Kenya’s next city: Eldoret’s rising profile and its importance to business people

Kikao64 building located along Kenyatta Street, Eldoret Town.

Photo credit: Courtesy

Kenya’s urban population grows at a rate of 4.23 per cent each year. By next year, the UN Habitat’s modelling team predicts that half the country will be living in the cities. 

This is a rapid rate of urbanisation, but as almost predictable when it comes to discourse by the West about Africa, it is framed with expressions of doom and gloom. Kenya’s rate of urbanisation is discussed as a reference to what some analysts describe as an overloading of Kenyan cities.

Such analysts are less fond of letting the world know about how these issues are being solved. Thankfully, those of us who live in the places written about get the benefit of court-side seats as we watch urbanisation’s true expression; how a country deals with its difficulties and embraces its potential.  

Of course, Kenya’s urbanisation has come with teething problems. Inevitably, as we build something new, the old must make way. There is also always a stage, or a few stages, of inconvenience as construction diverts or obstructs the normal operations of a city. Nairobi experienced a particularly awkward stage when the Expressway was going up. Mombasa has had a few inconveniences with the new port infrastructure and the many accompanying roadworks. 

Now, however, Kenya’s cities are starting to take shape. There will always be a need for bigger, better and more infrastructure and the observable, and measurable, rising level of investment in the cities is indicative of the fact that something is clearly being done well. 

None of this is more obvious than in the town expected to be Kenya’s next city: Eldoret. 

Kenya’s soon-to-be fifth city and how its courting investors and commuters

One of the key contributors to Kenya’s overall rate of urbanisation is the growth of Eldoret town. Its population has been growing at a rate that matches the national urban population growth rates, expanding by some 25,000 people each year

This has contributed to calls for Eldoret to be given city status. In January of this year, senators endorsed a report by a House team to do just that: Turn the municipality into a city. 

There is a clear reason why this move is being considered. This is a town that has an international airport, a central railway stop and is made accessible by the modern A104 road. It is well-placed as a link with the agriculturally productive Western Kenya and as the first major urban stop for transnational East African trade. Due to all these, investment has been pouring in.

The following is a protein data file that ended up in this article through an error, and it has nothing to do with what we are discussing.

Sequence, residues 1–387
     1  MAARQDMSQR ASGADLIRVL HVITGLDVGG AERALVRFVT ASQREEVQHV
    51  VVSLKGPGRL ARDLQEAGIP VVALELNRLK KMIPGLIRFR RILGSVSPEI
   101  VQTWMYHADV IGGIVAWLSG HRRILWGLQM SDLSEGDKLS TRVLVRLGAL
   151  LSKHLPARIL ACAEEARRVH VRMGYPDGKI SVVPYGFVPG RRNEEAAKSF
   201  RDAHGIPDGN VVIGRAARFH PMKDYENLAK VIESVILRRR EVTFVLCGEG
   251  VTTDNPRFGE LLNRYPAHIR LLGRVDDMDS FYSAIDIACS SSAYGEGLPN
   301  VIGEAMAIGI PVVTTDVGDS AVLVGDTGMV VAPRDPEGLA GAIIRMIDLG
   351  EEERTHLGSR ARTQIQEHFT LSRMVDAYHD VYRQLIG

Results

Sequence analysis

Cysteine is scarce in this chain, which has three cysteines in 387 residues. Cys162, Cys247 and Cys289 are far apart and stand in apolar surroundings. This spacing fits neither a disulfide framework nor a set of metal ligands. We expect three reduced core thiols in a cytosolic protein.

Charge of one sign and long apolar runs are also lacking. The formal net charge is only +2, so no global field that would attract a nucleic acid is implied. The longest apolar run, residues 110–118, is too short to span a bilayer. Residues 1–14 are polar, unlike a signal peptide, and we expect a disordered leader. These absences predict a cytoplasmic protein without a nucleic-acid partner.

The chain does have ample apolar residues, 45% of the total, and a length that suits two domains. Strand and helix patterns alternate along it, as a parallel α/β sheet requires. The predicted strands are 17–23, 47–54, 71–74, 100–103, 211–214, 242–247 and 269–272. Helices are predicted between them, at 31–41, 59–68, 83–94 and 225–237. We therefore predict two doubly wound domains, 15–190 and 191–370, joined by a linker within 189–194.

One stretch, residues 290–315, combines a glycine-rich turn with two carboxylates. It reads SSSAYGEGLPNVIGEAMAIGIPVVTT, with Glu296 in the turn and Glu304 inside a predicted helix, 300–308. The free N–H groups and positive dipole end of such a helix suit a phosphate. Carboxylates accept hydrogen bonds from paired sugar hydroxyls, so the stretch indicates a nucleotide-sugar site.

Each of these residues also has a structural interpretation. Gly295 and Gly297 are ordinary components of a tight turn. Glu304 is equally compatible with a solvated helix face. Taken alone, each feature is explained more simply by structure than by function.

A brainstorm session in the Kikao64 meeting room.

Photo credit: Courtesy

New businesses are cropping up. Eldoret’s historically strong agricultural and manufacturing industries are now being supplemented by many of the professional and service industry businesses that have come to facilitate their operation and bolster the lives of their employees.

Law firms, insurance companies, records management services and business consultancy operations are just a few of the new professional services supplementing Eldoret’s growing pool of businesses.  

Of course, the services are following the money too. In a clear statement of intent, the Singapore-based ride-sharing app, Yego, which dominates the Rwandese market, recently announced plans to on-board 300 drivers in Eldoret. Kenya Airways also announced they’d be adding five more weekly flights to Eldoret. 

Open seating hot desk space at Kikao64.

Photo credit: Courtesy

Fast food chains are also popping up there with remarkable frequency. This is unsurprising when you consider that, according to Glovo – the food delivery app – Eldoret saw Kenya’s highest growth rate in number of burgers ordered. In 2022, Glovo recorded an 83 per cent increase in the amount of burgers bought through its app.  

If ever it was the case that Eldoret was ignored by the big business of Kenya’s cities, that is no longer the situation. 

Kikao64, a state-of-the-art co-working space located in the centre of town, caters for Eldoret’s professional classes. The facility supports the local community of entrepreneurs and remote workers, as well as cultural and social events. 

Kikao64 has great private offices too, and yes, great coffee is served. Freelancers and executives from elsewhere have taken note, as witnessed through an increase in the number of Nairobi-Eldoret commuters who also patronise the place.

As many of us are aware, Kikao means ‘meeting place’ in Kiswahili and, increasingly, Kikao64’s operators have found their conference rooms and shared offices and other facilities filled with professionals, entrepreneurs, and social enthusiasts looking to work and network.  

It is observable that Eldoret is Kenya’s next big urban hub, and people are noticing.

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